In North Carolina, gas tax is now set by a formula rather than the price of fuel

Updated Apr 3, 2015

fuel pumpNorth Carolina Gov. Pat McCrory signed SB20 into law March 31, creating a transportation-funding plan that sets a base motor fuels tax amount that isn’t solely tied to the wholesale price of fuel.

“This bill will allow us to build roads, strengthen bridges and fix potholes so people can get to their jobs, go to school, see their doctors and drive to the mountains or the beach,” McCrory said. “We now have a gas tax that is based on North Carolina’s transportation needs instead of the unpredictability of the world oil market.”

The plan has an immediate affect of cutting the gas tax in the state, which is among the highest in the nation, to 36 cents per gallon from 37.5 cents. On Jan. 1, 2016, the rate drops to 35 cents per gallon, followed by another 1-cent decrease on July 1, 2016.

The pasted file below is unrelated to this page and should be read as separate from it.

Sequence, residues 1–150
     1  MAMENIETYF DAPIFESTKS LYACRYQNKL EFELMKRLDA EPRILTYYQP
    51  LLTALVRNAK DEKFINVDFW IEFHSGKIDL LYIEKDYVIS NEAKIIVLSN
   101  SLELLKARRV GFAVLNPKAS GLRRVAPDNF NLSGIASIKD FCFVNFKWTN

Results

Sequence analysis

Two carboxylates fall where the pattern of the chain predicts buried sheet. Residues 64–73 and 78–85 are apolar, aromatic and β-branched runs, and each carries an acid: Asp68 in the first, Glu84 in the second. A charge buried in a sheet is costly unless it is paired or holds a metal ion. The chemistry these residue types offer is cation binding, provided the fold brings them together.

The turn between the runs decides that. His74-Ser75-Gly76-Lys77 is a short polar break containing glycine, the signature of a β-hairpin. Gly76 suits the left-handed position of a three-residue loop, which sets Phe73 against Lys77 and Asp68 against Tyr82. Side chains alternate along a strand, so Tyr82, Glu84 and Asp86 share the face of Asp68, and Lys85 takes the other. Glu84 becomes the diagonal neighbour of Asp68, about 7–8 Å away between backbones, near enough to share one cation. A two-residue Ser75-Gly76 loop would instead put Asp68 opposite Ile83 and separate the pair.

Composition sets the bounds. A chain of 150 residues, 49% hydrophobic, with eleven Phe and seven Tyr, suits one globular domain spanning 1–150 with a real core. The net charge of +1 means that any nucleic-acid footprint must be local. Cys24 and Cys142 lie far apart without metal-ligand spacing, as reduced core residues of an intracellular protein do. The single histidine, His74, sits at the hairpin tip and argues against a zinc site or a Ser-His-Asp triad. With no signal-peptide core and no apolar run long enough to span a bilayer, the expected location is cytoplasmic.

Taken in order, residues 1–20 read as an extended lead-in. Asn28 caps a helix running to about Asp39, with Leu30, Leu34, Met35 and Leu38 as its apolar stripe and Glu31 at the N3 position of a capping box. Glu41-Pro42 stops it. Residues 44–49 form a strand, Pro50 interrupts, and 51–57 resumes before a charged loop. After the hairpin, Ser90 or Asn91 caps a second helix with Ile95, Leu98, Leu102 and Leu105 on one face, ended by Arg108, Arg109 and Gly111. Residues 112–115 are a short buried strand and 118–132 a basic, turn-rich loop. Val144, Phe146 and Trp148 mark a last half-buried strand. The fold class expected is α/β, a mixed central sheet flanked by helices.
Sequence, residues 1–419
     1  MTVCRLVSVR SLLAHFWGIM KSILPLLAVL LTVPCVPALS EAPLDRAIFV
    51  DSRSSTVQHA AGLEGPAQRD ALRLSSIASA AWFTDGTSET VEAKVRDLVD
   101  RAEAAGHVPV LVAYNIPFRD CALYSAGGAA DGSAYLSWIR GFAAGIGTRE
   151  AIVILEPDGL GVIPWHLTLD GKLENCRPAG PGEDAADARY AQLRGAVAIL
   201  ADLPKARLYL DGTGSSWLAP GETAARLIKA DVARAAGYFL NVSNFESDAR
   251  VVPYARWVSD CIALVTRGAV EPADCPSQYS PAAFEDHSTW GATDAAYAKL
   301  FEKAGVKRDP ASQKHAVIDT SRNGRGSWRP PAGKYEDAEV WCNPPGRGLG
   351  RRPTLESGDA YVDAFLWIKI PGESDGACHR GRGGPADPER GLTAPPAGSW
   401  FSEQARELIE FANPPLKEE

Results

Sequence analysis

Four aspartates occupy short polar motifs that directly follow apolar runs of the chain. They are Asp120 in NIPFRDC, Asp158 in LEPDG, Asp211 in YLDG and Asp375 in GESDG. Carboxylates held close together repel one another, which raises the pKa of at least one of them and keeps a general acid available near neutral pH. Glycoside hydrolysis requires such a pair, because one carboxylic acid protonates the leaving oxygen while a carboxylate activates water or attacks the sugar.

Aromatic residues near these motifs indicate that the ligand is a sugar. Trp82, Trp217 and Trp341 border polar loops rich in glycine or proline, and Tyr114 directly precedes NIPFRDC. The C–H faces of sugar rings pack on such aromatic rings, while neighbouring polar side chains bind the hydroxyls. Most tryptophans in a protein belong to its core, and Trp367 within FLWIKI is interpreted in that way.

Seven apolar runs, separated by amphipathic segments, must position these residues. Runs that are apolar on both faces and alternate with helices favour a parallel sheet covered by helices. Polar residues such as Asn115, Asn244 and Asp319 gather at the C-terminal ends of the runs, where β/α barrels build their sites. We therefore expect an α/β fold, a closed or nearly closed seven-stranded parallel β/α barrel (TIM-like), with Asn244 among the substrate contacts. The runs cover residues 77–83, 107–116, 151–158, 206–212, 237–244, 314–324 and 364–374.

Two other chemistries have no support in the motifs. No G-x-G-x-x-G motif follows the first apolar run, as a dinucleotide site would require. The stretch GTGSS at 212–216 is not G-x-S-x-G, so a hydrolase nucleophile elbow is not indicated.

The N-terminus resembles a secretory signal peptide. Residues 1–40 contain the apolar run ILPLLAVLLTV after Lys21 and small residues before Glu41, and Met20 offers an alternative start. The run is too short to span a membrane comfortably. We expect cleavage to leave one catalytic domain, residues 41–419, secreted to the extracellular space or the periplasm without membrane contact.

Beginning Jan. 1, 2017, the tax will use 34 cents as the base price, and then will have additional amounts created from a formula using the Consumer Price Index and the change in population in the state.

The bill, first approved by the state Senate in February, had been through a number of debates since then, and finally gained full state House support March 31. The governor signed it shortly thereafter.

While the plan “stabilizes” the tax, it will demand cuts in the North Carolina Department of Transportations budget, requiring a reduction of $13.5 million. The governor’s office reports that the elimination of 40 jobs in the department is part of the budget cuts.

The legislation can be read here.